A huge reduction in the cost of large lithium-ion battery packs has led to an escalation in the development of the EV industry. However, the future seems still pretty far away. According to Mercedes’ Chief Technology Officer, EVs may not get much cheaper at all over the next few years.
“Coming to [a battery price of] 50 U.S. dollars per kilowatt, which would lead to comparable cost basis to an I.C.E. engine, I would say this is far out there,” Mercedes CTO Markus Schäfer told Road & Track. “I don’t see that with the chemistry that we have today.”
Reaching so-called “price parity,” Schäfer said, just isn’t possible with any current commercially available battery technology.
“It’s a crystal ball thing to answer. And it will very much depend on mining capacity [for raw materials] and the global ramp-up of EVs. So, these are the two main factors,” he said. “But I would say, for quite a while we will see headwinds on the raw material side.”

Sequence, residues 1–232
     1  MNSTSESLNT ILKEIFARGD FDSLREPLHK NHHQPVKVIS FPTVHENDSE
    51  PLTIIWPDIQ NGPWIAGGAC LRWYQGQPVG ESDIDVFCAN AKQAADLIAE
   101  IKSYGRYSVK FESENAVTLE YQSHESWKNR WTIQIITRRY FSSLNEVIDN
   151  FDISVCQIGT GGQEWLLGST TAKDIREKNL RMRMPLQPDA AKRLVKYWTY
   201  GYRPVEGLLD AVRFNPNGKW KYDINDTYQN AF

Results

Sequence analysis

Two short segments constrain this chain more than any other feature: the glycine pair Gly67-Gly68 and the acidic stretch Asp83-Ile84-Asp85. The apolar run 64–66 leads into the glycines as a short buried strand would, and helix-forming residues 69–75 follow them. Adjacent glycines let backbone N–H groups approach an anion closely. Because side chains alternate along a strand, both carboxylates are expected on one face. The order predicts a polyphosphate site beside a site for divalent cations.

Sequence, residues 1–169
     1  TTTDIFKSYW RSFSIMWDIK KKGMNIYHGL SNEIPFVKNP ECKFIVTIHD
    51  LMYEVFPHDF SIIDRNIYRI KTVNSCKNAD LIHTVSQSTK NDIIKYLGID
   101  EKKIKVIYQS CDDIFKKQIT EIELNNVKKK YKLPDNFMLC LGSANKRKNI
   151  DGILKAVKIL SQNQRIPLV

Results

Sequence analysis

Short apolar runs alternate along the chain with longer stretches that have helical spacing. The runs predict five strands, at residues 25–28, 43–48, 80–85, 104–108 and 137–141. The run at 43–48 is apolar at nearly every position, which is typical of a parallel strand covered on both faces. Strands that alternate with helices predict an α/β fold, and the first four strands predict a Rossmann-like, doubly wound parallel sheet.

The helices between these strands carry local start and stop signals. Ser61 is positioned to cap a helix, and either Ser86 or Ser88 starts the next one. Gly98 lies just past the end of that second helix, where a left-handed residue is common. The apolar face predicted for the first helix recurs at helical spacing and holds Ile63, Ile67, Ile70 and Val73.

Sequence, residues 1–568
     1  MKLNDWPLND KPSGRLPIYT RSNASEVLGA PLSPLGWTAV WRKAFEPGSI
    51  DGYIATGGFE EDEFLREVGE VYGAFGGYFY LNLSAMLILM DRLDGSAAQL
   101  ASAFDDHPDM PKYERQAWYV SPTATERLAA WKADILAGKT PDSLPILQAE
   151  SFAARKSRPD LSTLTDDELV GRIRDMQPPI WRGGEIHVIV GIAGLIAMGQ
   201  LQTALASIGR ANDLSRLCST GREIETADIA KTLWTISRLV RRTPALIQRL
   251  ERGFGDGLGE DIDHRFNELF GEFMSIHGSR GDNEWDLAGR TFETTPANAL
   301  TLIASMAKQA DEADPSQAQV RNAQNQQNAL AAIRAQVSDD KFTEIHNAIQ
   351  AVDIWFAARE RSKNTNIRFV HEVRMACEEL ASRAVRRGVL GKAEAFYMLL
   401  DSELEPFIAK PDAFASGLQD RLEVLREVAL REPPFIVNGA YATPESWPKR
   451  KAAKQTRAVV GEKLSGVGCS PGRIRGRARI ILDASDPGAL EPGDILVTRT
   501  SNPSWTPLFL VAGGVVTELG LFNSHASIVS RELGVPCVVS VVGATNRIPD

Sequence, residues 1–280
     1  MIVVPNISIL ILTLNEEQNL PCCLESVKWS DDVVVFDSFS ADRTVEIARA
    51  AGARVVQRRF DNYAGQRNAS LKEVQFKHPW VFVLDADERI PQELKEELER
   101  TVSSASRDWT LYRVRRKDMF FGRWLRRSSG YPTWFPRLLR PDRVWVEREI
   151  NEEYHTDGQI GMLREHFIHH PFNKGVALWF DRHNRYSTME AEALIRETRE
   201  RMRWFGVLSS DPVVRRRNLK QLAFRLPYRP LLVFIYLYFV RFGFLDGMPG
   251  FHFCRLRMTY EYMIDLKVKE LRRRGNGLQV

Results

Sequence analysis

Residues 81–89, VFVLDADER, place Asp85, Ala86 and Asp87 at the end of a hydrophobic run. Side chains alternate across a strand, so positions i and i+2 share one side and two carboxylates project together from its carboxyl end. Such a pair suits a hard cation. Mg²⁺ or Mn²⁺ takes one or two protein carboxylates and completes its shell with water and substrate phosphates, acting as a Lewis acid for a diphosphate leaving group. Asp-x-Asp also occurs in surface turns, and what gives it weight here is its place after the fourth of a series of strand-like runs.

While increasing demand for large battery packs has helped through manufacturing advancements and economies of scale, it’s this scale that is now posing a large challenge. Currently, the demand for lithium batteries will outrun the capacity of current rare-earth metal mines. The earth has more deposits of lithium, but bringing mines online is complicated and expensive.
“So, the anticipated decrease well below 100 US dollars or Euros per kilowatt, that might take longer,” Schäfer said. “The chemistry, honestly, if we’re staying with the ingredients, we have today… there’s not that breakthrough foreseeable.”